How do you figure that? I've not seen the expression ohm/(load quantity) before..?

If you have identical resistors in parallel, the equivalent resistance is divided by the number of resistors.

So for two identical resistors in parallel the equivalent resistance is half. For three identical resistors it's a third, for four identical resistors it's a quarter and so on. Your LED resistors are in parallel with this one resistor. If you want to halve the current you need to use the equivalent resistance to all these parallel resistors. This means you need:

150 ohm / 39 (identical resistors) = ~ 3.9 ohm

90 ohm / 56 (2 chains of 28 identical resistors, all in parallel) = ~ 1.5 ohm

For the power calculation I used P = I * I * R. Using your value of 10mA per LED I got the following:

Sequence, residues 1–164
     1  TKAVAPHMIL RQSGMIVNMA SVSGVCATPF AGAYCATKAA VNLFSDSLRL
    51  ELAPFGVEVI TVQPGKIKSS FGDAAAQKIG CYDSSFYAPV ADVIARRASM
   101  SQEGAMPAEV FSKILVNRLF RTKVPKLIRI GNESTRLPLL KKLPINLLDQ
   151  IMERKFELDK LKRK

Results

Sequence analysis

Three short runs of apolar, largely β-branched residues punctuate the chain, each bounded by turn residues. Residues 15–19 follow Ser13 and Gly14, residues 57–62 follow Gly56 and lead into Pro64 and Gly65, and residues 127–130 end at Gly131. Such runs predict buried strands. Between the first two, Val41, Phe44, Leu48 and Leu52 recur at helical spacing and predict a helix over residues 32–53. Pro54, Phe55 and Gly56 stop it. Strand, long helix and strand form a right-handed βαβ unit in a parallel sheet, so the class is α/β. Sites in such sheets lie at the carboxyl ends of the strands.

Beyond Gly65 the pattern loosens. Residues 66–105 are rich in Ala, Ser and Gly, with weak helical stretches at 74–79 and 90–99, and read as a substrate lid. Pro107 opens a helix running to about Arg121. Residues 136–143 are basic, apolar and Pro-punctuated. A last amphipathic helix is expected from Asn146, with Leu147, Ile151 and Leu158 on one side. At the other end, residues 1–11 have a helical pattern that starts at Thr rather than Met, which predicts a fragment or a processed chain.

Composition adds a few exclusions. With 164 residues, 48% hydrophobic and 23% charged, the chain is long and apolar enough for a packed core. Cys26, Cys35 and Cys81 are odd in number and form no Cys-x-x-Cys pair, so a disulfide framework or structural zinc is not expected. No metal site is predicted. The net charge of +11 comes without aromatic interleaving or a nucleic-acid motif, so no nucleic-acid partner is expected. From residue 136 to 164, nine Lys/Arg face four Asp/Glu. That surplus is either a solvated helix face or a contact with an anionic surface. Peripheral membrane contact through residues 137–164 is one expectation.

Current through 3.9 ohm resistor is 10mA * 39 = 0.39A.

Therefore P = 0.39 * 0.39 * 3.9 = 0.6 watts. I'd get a 1 watt resistor to be safe. Current may actually be higher than 10mA.

e.g. Current is actually 11mA per LED and the power dissipated in the 3.9 ohm resistor is 0.72 watts.

Current through 1.5 ohm resistor is 10mA * 56 = 0.56A.

Therefore P = 0.56 * 0.56 * 1.5 = 0.47 watts. Again I'd get a 1 watt resistor.

If you can't get a 3.9 ohm or 1.5 ohm 1 watt resistor you can make them by combining higher value resistors in parallel, but you may not need 1 watt resistors any more. It will depend on the actual values you can buy. Worst case you could wire 39 150 ohm resistors in parallel to make your 3.9 ohm resistor. Each resistor would only dissipate 0.01 * 0.01 * 150 = 0.015 watts.

Iain